Early in May 2016, two tourists were visiting Yellowstone National Park when they saw a baby bison off on its own. The tourists said the baby bison looked cold in the 40 degree weather, so in genuine concern, they loaded the baby bison into the back of their SUV and took it to a ranger station because they were worried for the bison’s safety.<!- mfunc feat_school ->
A week later, the park said that not only did removing the bison from its natural habitat create potential for harm to the public as the bison wandered around, unaware of where it was, it ended up being fatal for the bison itself. Its mother rejected it when she sensed humans had tampered with its child. Park rangers were forced to euthanize the bison for the safety of the park.
When this news hit social media, the tourists where relentlessly mocked for having interfered with the natural habitat. The problem is that this not just an isolated event, and it often has to do with tourists striving to get selfies with the wildlife.
In the past few years, there have been multiple selfie related wildlife deaths. A man nearly lost his hand because he tried to take a selfie with a rattlesnake when it bit his hand. A Colorado park closed down for weeks because tourists were taking selfies with bears up to ten feet away from the wild bears. A dolphin in Argentina died when it was pulled from the water and passed around a crowd for selfies. Back in Yellowstone, five people were tossed or gored by bison in 2015, causing four to be hospitalized.<!- mfunc search_btn -> <!- /mfunc search_btn ->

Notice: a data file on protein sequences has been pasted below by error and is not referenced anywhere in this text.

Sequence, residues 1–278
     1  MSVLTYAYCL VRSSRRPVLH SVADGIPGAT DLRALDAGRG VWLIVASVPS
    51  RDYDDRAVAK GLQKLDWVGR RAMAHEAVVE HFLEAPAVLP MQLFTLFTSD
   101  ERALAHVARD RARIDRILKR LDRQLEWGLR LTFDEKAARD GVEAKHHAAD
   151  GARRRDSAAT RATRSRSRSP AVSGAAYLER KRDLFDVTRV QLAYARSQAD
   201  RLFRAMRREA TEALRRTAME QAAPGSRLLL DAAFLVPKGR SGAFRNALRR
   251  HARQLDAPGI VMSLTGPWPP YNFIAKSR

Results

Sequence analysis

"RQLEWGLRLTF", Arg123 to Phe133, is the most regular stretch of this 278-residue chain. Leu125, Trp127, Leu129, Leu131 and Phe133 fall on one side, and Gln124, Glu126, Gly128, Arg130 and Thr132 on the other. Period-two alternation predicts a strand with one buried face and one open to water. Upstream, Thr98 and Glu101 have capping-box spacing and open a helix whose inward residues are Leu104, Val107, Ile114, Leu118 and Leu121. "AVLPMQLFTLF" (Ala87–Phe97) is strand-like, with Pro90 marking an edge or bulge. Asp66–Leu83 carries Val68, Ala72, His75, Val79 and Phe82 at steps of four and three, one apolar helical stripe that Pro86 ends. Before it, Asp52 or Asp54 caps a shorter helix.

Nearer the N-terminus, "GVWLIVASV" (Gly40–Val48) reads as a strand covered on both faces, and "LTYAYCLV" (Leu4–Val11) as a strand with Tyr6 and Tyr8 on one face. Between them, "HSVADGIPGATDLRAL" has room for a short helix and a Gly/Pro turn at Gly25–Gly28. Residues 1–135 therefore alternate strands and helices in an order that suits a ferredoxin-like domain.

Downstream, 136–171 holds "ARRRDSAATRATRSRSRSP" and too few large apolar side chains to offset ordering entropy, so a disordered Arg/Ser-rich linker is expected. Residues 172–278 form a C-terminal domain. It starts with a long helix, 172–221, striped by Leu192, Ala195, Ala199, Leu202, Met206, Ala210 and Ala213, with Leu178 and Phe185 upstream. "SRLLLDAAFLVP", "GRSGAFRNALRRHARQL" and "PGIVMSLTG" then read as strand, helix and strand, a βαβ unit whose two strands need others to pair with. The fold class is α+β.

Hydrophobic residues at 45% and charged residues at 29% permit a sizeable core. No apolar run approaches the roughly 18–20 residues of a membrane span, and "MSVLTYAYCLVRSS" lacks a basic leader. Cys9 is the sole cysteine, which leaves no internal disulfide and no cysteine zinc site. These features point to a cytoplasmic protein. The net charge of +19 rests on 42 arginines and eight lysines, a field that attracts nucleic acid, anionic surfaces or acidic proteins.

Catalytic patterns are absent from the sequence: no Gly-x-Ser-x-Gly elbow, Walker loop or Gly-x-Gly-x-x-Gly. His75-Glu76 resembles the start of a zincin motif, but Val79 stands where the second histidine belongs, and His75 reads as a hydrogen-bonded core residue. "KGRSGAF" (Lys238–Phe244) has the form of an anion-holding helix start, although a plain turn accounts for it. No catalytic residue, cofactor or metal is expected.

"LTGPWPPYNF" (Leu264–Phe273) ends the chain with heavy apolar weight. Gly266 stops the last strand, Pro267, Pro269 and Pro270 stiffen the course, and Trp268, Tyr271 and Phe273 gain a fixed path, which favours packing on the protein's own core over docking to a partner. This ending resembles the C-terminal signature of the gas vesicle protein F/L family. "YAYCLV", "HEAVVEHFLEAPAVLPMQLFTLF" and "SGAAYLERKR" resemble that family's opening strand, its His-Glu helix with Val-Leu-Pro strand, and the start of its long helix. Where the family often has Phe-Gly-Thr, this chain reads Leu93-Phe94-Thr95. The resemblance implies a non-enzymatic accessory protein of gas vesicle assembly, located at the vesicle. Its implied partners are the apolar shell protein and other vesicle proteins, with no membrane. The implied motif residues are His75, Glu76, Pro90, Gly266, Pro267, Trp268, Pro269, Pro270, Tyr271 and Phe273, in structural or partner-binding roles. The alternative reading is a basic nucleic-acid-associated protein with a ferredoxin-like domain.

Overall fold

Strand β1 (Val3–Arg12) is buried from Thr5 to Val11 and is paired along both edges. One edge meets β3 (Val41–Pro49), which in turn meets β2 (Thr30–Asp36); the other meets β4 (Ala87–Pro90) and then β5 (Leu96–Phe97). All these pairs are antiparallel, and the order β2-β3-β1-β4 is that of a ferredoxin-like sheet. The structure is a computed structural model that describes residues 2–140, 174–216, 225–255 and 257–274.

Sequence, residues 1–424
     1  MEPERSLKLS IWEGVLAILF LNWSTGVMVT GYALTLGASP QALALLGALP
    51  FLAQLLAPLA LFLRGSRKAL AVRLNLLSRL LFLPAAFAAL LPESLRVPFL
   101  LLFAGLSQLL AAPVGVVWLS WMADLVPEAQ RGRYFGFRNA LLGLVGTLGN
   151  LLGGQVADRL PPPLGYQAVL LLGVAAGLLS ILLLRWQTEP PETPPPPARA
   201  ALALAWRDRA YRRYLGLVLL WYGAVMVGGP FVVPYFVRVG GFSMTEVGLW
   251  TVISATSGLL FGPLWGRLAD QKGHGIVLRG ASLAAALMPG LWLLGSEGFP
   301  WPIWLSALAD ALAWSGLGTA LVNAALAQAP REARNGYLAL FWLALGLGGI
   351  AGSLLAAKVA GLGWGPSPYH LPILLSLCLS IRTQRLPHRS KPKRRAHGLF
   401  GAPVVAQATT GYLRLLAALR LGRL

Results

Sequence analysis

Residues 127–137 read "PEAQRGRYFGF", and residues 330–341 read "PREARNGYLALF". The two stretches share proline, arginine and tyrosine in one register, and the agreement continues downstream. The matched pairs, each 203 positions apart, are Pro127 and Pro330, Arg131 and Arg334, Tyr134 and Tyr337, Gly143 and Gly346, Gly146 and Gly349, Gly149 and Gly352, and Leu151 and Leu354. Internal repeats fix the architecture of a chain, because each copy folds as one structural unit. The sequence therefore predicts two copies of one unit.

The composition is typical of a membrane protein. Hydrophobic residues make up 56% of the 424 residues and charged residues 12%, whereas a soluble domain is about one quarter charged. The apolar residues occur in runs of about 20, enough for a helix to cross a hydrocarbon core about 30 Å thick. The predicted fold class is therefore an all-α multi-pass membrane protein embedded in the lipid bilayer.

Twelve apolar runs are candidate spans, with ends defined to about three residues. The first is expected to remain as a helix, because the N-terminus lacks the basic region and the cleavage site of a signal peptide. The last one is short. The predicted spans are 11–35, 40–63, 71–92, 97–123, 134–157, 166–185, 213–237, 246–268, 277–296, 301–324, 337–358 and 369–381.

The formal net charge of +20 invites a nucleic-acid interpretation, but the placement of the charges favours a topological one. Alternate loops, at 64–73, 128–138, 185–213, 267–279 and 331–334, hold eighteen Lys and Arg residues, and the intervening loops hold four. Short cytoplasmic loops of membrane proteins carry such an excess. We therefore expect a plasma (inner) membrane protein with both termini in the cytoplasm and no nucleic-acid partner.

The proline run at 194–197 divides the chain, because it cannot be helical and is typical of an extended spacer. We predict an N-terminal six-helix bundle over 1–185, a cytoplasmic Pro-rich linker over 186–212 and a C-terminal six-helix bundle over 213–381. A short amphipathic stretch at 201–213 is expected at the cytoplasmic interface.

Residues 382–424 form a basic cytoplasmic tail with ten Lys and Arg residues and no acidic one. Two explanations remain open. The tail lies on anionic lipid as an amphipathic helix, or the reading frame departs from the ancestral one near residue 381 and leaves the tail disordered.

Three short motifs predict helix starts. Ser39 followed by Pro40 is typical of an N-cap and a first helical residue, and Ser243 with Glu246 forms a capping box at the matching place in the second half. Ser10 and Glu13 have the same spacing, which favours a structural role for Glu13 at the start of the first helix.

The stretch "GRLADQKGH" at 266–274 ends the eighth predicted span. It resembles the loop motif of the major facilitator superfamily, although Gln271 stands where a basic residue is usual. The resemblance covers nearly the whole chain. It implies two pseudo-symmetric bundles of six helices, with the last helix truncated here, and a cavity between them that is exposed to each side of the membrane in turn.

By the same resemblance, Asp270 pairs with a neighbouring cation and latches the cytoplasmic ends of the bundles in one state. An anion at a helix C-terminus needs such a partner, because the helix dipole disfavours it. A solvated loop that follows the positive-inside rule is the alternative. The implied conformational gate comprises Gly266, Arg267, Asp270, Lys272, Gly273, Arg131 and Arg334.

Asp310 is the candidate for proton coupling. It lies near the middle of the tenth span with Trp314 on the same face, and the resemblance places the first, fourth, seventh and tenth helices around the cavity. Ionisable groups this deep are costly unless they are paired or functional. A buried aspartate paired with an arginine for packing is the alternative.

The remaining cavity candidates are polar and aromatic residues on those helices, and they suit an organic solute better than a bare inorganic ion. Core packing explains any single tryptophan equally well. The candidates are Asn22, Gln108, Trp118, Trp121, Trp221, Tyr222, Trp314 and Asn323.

The lesson to be learned is that wildlife and the ecosystems within are fragile. Interfering with those ecosystems is harmful for both humans and wildlife. Instead, photography of animals should be done from a safe distance and with the proper regard for the animals’ habitat. To engage otherwise is to risk personal harm and damaging the ecosystem.